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Wheaton wills and trusts lawyersIf estate plans were only about money, they would not be so difficult to create. Instead, parties must first come to terms with their own eventual death, and they must consider where and how they would like money to be distributed. Since family matters can be highly complex and sometimes volatile, and the rules for handling assets upon one’s death can vary by type and situation, such decisions regarding inheritances can be more than just difficult. One possible solution is to use “lifetime gifts” as your guide. Learn more in the following sections, including how our seasoned estate planning attorneys can help with drafting your initial estate plan. 

What is a Lifetime Gift?

Lifetime gifts are often used as an estate-planning strategy for reducing federal and state taxes, which means they are most commonly used in estate plans that exceed either the $4 million Illinois state estate tax exemption or the $5.5 million federal estate tax exemption. Each gift, which may equal up to $15,000 in value each year ($30,000 maximum for married couples giving a joint gift), reduces the value of the estate, thereby reducing the amount that heirs will be taxed when they inherit it. Lifetime gifts can do more than simply lower the tax load of one’s estate, however. They can also benefit the guarantor during the estate planning process.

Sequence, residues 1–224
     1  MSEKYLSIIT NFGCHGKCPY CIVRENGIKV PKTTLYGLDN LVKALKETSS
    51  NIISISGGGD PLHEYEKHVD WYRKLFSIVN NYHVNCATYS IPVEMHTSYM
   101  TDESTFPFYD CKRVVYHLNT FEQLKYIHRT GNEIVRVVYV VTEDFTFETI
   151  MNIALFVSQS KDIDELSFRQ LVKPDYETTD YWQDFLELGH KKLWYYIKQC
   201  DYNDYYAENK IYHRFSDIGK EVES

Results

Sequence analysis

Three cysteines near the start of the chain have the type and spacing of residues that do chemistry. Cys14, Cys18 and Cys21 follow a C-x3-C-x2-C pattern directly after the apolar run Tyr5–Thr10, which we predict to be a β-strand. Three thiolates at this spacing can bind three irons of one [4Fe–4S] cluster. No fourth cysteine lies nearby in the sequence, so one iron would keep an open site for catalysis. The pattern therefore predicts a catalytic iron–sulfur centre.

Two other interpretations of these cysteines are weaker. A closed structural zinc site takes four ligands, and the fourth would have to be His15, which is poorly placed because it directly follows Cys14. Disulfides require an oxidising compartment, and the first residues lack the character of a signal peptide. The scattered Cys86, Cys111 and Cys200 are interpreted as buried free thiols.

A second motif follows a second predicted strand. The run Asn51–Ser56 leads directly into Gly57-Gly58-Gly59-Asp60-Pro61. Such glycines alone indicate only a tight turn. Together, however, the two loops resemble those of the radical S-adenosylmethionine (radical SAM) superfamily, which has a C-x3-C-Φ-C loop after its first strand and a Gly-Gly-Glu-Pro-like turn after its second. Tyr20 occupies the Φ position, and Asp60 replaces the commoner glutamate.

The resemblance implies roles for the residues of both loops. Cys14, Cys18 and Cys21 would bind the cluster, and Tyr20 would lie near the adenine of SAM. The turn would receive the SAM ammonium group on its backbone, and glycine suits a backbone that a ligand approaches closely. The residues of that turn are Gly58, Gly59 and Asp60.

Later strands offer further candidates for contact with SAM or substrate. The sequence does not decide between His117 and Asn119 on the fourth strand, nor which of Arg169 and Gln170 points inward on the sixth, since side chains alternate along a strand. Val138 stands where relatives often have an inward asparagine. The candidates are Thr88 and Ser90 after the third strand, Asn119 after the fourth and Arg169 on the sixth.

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Wheaton will and trust attorneysWhen creating an estate plan, most people ensure their children and spouse are covered. Sadly, few people consider how their death could impact their furry family members. In fact, statistics indicate that only about 18 percent of pet owners have considered making provisions for their pet in their will. This oversight, which may be partially attributed to the fact that not everyone knows you can estate plan for a pet, often results in a poor outcome for beloved animals. Learn how you can prevent such a fate for your family pet using a pet trust or comprehensive estate plan, and discover how a seasoned estate planning lawyer can assist you with the estate planning process. 

Why Include Your Pet in an Estate Plan? 

In most states (including Illinois), pets are considered property. That means, if a pet owner dies, the animal is distributed like any other asset. Unfortunately, because a pet holds no financial benefit for the inheriting heir, it may be abandoned, surrendered, or neglected due to a lack of funds or desire to care for the animal. An estate plan can reduce the risk of such an issue occurring - and not just because the guarantor usually speaks with the inheriting party to ensure there is a desire to care for the pet, but because it often allows the pet owner to set up a fund that ensures the pet is well cared for, long after they are gone. Pet owners can also elect to set up alternate or subsequent guardians for their pet, just in case something should happen to the primary heir of the animal, such as a death, the birth of a child, or the development of allergies.